Chris Christie: You know, there is an air in some people who are completely convinced that the right thing to do is to be vaccinated that, to think otherwise means you’re either blind or stupid. I think people have really interesting valid questions to ask. We should put experts in front of them. This is going to be, have to be from people who have a special training in this particular disease. And for those who have had it talking to people about the randomness of it and the severity of it and how much better they feel now that they’ve been fully vaccinated.
Céline Gounder: Others are going to be thornier… like decoupling science and politics.
Brian Castrucci: Public health is very much at the whim of some elected officials and over two hundred state and local health officials have resigned, retired, left their positions because their science was not in alignment with elected officials. And so I think that’s one of the things that we have to reckon with moving forward is how do we have a society where science and politics can co-exist and not corrupt one or the other.
Céline Gounder: And finding a way to educate people in a way that makes them feel empowered; not forced.
Brian Castrucci: No one wants to be manipulated or forced into doing something to their body. For certain political groups or certain people holding political, certain political ideologies, freedom and individualism are, are very strong values. And we don’t want to in any way, impugn those values because that could, in some ways make them less likely to get the vaccine.
Céline Gounder: The messaging guide has been used by the Utah and Virginia Departments of Health and the City of Boston. Their findings have also been incorporated into vaccine communication toolkits used by groups like the National Association of Republican Mayors. Governor Christie came away from the focus group hopeful.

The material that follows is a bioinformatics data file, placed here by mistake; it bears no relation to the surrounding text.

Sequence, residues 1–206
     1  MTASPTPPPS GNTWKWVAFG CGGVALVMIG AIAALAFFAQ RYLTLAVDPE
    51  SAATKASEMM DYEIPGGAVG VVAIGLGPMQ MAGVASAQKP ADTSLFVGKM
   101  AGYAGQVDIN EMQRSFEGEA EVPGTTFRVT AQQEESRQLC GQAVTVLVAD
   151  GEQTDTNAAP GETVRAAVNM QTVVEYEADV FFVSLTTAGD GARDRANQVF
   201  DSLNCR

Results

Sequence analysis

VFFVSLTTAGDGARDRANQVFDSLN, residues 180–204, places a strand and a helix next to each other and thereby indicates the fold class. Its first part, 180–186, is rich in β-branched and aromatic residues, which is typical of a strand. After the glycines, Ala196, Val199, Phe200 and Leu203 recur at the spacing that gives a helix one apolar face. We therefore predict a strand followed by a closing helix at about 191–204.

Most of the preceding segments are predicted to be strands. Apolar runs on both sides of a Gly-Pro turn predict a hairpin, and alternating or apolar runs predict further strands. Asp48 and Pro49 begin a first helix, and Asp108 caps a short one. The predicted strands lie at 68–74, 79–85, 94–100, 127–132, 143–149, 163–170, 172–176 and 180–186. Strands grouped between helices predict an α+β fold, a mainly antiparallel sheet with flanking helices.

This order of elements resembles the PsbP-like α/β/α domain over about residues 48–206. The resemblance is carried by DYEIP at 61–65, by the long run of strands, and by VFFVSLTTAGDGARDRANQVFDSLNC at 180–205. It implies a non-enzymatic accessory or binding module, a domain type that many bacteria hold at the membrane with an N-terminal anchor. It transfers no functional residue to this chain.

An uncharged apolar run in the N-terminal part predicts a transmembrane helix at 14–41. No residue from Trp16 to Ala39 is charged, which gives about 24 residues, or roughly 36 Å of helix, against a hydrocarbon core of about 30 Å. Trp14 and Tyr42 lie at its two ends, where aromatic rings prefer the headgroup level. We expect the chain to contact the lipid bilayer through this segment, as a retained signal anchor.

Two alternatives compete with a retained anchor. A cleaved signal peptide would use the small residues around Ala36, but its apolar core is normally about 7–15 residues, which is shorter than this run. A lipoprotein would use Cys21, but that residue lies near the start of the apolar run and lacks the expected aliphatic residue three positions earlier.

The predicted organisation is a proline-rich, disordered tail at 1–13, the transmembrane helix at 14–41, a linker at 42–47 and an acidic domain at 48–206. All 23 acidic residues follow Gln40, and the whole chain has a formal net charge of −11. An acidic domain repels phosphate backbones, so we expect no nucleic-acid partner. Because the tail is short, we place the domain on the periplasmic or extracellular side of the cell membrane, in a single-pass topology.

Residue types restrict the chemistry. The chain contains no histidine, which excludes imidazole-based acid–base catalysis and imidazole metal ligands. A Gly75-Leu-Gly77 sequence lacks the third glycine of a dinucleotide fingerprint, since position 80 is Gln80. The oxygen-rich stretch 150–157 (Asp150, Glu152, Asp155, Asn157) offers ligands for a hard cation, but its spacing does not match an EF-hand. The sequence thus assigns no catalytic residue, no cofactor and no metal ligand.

Chris Christie: You wounded up to change the minds of a third of them who now said that they weren’t called to now go and get the vaccine. I think that’s pretty good work for two hours worth of a focus group, but it also tells you something much more important. It tells you that it is possible to convince people if you do so in a calm deliberative a calm and deliberative way, and I think that’s what I did, and I personalized it for folks. And I think all those things helped them, persuading people. That’s what we should be shooting for here. Convince them to come to their own decision.
EPIDEMIC is brought to you by Just Human Productions. We’re funded in part by listeners like you. We’re powered and distributed by Simplecast.
Today’s episode was produced by Zach Dyer and me. Our music is by the Blue Dot Sessions. Our Production and Research Associate is Temitayo Fagbenle. Our interns are Annabel Chen, Bryan Chen, and Sophie Varma.
If you enjoy the show, please tell a friend about it today. And if you haven’t already done so, leave us a review on Apple Podcasts. It helps more people find out about the show!
Follow EPIDEMIC on Twitter and Just Human Productions on Instagram to learn more about the characters and big ideas you hear on the podcast.
We love providing this and our other podcasts to the public for free… but producing a podcast costs money… and we’ve got to pay our staff! So please make a donation to help us keep this going. Just Human Productions is a 501(c)(3) non-profit organization, so your donations to support our podcasts are tax-deductible. Go to justhumanproductions.org/donate to make a donation. That’s justhumanproductions.org/donate.
And if you like the storytelling you hear on EPIDEMIC, check out our sister podcast, AMERICAN DIAGNOSIS. On AMERICAN DIAGNOSIS, we cover some of the biggest public health challenges affecting the nation today. Past seasons covered topics like youth and mental health; the opioid overdose crisis; and gun violence in America.
I’m Dr. Celine Gounder. Thanks for listening to EPIDEMIC.